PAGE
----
The next step was to begin intensive rehab, which includes Physical Therapy and Occupational Therapy and meeting with a psychologist who works with children with POTS who develop GI issues (she will help guide the reintroduction of food that will take place once Kyra is stronger).  On a typical day, Kyra has PT and OT for three hours and then we continue to carry over the exercises for the rest of the day at home (which, for the time being, is the Ronald McDonald House – can’t even begin to say enough great things about this facility).  The first month was very (very!) hard for her, as we knew it would be.  Fundamentally, Kyra had to go to PT and OT each day with severe flu like symptoms, including nausea and vomiting.  Just thinking about this almost makes me cry but Tim and I know this is one of the best ways to get a dysregulated body back to a place of health.  To get through this, I keep reminding myself that we have been in hell so we can do hard.  I also knew that it absolutely would pay off, which it has. 


Going into this, we knew the two main challenges were going to be getting her upright after a year and a half of being bedridden and getting her eating again (she has not eaten anything for a year and currently is being fed through a PICC line).  She basically has met the first challenge (she can sit mostly upright in a reclining wheelchair for several hours) and is working on the second (she can successfully swallow a few drops of water and we are now moving on to a few drops of smoothie).  We absolutely needed a team of professionals who were very familiar with POTS to help with her recovery and we have been so appreciative of how dedicated and supportive they have been. Each day, we see a body and mind that is betraying Kyra less and less. Each day, Tim and I move toward resuming our roles of “just” being her parents.   


Even more rewarding is watching Kyra and Tess resume their roles as sisters.  Tess has been up here since we arrived and will stay for two more weeks (a huge thank you to Heatherwood Elementary for being so supportive of Tess’ sporadic attendance this year).  Tim returned to work last week so I rely heavily on Tess to help me with Kyra (she loves this role and performs it better than many adults would).  Mayo does not have valet parking so each morning I drop Tess and Kyra off at the main doors so that I can park. Tess brings Kyra up to the 16th floor and gets her checked in for her appointments.  In Rochester (and specifically Mayo), a mother does not have to concern herself with safety as there are many people looking out for them as they make their way through the building (the doormen look forward to them coming and love to tease them).  Plus, for those of you who know Tess, you just do not mess with her.  That child’s street smarts are already way too well developed. We have been preparing for her teenage years since she was about three.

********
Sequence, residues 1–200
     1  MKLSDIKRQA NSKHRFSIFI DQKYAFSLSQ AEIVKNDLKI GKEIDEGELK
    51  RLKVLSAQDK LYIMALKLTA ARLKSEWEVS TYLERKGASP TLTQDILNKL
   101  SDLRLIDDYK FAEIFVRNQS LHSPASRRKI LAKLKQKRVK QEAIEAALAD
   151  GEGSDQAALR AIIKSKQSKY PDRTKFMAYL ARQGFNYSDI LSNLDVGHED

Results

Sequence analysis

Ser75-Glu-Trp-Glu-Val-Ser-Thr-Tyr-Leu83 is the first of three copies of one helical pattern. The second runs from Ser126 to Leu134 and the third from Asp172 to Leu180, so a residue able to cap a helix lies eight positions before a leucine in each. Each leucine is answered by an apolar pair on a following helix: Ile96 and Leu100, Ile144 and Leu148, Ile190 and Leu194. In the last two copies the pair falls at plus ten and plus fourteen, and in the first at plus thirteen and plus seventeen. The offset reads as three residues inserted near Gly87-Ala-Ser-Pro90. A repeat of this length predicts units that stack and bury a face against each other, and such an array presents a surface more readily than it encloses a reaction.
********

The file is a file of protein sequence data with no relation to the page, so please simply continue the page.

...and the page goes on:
Both Tess and Kyra have completely made themselves at home at the Ronald McDonald House and participate in all of the events that are offered.  The pet visits are some of our favorites. Tess was invited to be one of the child greeters at the annual Ronald McDonald House fundraiser Saturday night, which included purchasing a beautiful dress, getting hair and makeup done, and riding to the event in a limo – the limo is what sold Tess on the idea. We had such a great time watching her, and four other girls, get made up for the event. The other girls were/are patients at Mayo, and at least for the time being, their stories are ones of triumphs over tragedies. Kyra has no interest in physically partaking in anything that involves too much bling (she is a Boulder girl at heart) but she happily observed all that was involved in preparing a group of girls for a night out on the town.  


Even in betrayal there is beauty.





by Elizabeth Allen

Hi all,
Has anyone been wondering how the family traveled to Mayo?  They were able to go by private jet --which was really the only way they could have traveled. The trip was DONATED by a donor through a nonprofit organization called There With Care--for Families and Children facing critical illness. They also provided a rental car once there. Their site is www.therewithcare.org.  It's been a real treat to spend some time on their website and learn about this fantastic group and all the good work they do. The entire community of love and support for Kyra (that's you guys) sends appreciation to this organization and this amazing donor for helping this family out!! Thank you thank you for this remarkable and singular gift.  Season's Greetings to you all.  Beth                   

by Elizabeth Allen

Hi everyone,

Kyra is back in the hospital for steroid and IVIG treatments--hopefully will head home by Halloween. See below for an amazing post by Natalie and keep going to the bottom for a youtube link to some fantastic pictures! Love and thanks to you all!


An update from Natalie...Three weeks ago, Tim and I were treated to the loveliest of days.  Our wonderful friend, Suzanne Phillips, brought to fruition a fundraiser for Kyra at Flatirons golf course.  Tim and I had just come off the heels of Kyra’s three-day hospital stay and this event soothed our weary souls in a way that only family and friends can.  Over 160 people, including 88 golfers, came together to enjoy a glorious fall day (we escaped sleet and snow by a handful of hours) that included golf, a sip-and-draw event for kids, a silent auction, and lunch. On the course, Tim and I teamed up with our friends Mike Ashworth (who flew in from TX ) and Ed Duell (whose family just moved to the Boulder area). My dad joined in for moral support and some good laughs.  Tim and Mike were able to relive some glory days on the course (translation: days before children, jobs, and midlife) while I was able to whack the ball and yell out some expletives (only a few).  For Ed, it was yet another engineering puzzle and by the time we reached the “Win a car if you get a hole-in-one!” challenge, he laid that ball impressively close to the green. Once the event wrapped up, Tim, Mike and I were able to get back out on the course with Suzanne’s husband, Rick, who handedly put all of us to shame. We fundamentally had the course to ourselves and it was a perfect end to a perfect day.